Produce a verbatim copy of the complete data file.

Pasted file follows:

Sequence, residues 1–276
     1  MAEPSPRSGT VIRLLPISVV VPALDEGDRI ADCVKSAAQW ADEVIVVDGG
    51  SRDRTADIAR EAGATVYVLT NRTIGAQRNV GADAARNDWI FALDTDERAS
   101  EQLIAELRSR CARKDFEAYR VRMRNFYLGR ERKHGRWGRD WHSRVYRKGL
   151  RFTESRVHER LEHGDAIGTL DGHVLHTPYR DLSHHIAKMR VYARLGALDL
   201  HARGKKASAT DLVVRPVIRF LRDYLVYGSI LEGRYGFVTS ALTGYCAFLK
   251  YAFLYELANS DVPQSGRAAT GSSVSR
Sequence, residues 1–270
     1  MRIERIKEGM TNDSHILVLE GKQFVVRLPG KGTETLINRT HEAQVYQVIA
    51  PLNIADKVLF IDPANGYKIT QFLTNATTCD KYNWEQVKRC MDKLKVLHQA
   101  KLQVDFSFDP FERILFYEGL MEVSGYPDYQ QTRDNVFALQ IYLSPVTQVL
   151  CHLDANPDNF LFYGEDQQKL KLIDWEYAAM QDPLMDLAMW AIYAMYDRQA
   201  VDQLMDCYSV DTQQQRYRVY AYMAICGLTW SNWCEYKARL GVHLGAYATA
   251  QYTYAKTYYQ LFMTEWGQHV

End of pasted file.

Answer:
Sequence, residues 1–276
     1  MAEPSPRSGT VIRLLPISVV VPALDEGDRI ADCVKSAAQW ADEVIVVDGG
    51  SRDRTADIAR EAGATVYVLT NRTIGAQRNV GADAARNDWI FALDTDERAS
   101  EQLIAELRSR CARKDFEAYR VRMRNFYLGR ERKHGRWGRD WHSRVYRKGL
   151  RFTESRVHER LEHGDAIGTL DGHVLHTPYR DLSHHIAKMR VYARLGALDL
   201  HARGKKASAT DLVVRPVIRF LRDYLVYGSI LEGRYGFVTS ALTGYCAFLK
   251  YAFLYELANS DVPQSGRAAT GSSVSR
Sequence, residues 1–270
     1  MRIERIKEGM TNDSHILVLE GKQFVVRLPG KGTETLINRT HEAQVYQVIA
    51  PLNIADKVLF IDPANGYKIT QFLTNATTCD KYNWEQVKRC MDKLKVLHQA
   101  KLQVDFSFDP FERILFYEGL MEVSGYPDYQ QTRDNVFALQ IYLSPVTQVL
   151  CHLDANPDNF LFYGEDQQKL KLIDWEYAAM QDPLMDLAMW AIYAMYDRQA
   201  VDQLMDCYSV DTQQQRYRVY AYMAICGLTW SNWCEYKARL GVHLGAYATA
   251  QYTYAKTYYQ LFMTEWGQHV